Community Wind - Resources

Chapter 9: Financing


Most commercial-scale community wind projects are multi-million dollar investment endeavors that require outside financing assistance. This section will give you some background on how to approach a bank or other financing entity. Loan terms will affect the bottom line of your wind energy project revenue, so understanding the requirements and options for financing your wind development are critical. Getting organized in the beginning will put your project in a much better negotiating position for acquiring favorable financing. With enough due diligence documentation, your project will be less risky and more attractive to a financing entity.

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Chapter 8: Costs

The cost of wind energy fell dramatically from the 1980s through 2003, then increased for most of the remainder of the decade. Then, as the recession hit, turbine orders declined and prices with them. Meanwhile turbine technology has significantly improved, so that they are  producing energy more efficiently than ever, which is the real bottom line.

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Chapter 7: Leases and Easements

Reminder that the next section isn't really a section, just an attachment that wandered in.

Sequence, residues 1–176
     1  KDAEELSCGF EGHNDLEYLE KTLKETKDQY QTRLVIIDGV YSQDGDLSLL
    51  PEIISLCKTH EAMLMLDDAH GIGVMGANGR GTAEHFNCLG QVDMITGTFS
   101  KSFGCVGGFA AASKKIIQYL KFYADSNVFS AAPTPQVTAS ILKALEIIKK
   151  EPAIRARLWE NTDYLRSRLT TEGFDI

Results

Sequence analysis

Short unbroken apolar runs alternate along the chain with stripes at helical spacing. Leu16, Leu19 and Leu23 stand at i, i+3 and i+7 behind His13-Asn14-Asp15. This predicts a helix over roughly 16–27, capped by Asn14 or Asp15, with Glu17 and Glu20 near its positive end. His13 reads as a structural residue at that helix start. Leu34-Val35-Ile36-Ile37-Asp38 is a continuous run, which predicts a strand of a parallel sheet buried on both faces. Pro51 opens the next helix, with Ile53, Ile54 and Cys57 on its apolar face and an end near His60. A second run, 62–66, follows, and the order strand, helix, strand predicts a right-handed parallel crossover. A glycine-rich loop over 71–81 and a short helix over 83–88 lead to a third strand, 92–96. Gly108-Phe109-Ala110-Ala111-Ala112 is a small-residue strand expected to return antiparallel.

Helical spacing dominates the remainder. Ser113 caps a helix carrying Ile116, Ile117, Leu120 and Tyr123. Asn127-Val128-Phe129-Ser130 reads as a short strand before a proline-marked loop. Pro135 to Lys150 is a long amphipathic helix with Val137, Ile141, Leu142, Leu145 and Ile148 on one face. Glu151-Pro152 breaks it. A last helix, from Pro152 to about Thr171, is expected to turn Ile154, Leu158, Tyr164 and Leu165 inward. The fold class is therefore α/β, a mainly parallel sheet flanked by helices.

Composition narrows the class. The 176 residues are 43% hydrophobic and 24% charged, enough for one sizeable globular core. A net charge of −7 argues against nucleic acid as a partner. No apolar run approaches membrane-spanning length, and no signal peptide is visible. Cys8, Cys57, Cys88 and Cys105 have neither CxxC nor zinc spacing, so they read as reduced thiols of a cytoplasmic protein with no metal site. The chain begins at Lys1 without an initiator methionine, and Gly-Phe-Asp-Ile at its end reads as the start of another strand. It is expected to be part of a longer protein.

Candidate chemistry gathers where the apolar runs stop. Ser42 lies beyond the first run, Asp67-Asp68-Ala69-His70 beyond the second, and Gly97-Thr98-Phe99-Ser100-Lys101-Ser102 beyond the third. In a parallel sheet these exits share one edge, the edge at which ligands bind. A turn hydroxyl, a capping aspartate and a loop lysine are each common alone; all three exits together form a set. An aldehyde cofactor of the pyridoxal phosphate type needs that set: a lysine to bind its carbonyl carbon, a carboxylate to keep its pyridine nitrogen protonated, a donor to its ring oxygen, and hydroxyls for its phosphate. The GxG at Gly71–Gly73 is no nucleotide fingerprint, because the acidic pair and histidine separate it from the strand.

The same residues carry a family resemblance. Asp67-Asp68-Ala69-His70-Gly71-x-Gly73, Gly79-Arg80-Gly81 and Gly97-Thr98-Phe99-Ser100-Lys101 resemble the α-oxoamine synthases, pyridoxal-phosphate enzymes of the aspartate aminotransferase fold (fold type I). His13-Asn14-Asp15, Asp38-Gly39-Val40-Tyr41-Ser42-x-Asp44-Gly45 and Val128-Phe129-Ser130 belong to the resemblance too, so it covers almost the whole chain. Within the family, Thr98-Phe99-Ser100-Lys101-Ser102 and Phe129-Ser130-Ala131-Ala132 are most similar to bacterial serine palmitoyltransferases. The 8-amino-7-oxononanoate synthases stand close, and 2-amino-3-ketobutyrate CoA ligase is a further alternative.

In the United States, leasing land to wind energy developers continues to be the most common way rural landowners are participating in wind energy. As the wind industry grows, wind developers are increasing the amount of land they are leasing to keep their future market share from slipping away. Because of this, landowners in windy areas need solid advice about wind energy and what signing a wind energy lease or easement means to both them and future generations who will inherit the land.

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Chapter 6: Permitting Basics



If you have a good wind resource and land that is well-suited for wind turbines, you still must consider how your community views and regulates wind power. Communities around the country are working to find the best ways to permit and tax wind generation facilities. Their decisions are vital to windy areas because they determine the impacts and benefits of wind energy projects for the broader community. Some states, like Minnesota, have developed statewide policies but still involve local agencies in the process, while most states leave it to the counties or other local permitting agencies to create regulations and issue permits.

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Chapter 4: Wind Resource Assessment

Wind resource assessment is the most important step in planning a community wind project because it is the basis for determining initial feasibility and cash flow projections, and is ultimately vital for acquiring financing. Your project will progress through several stages of assessment:

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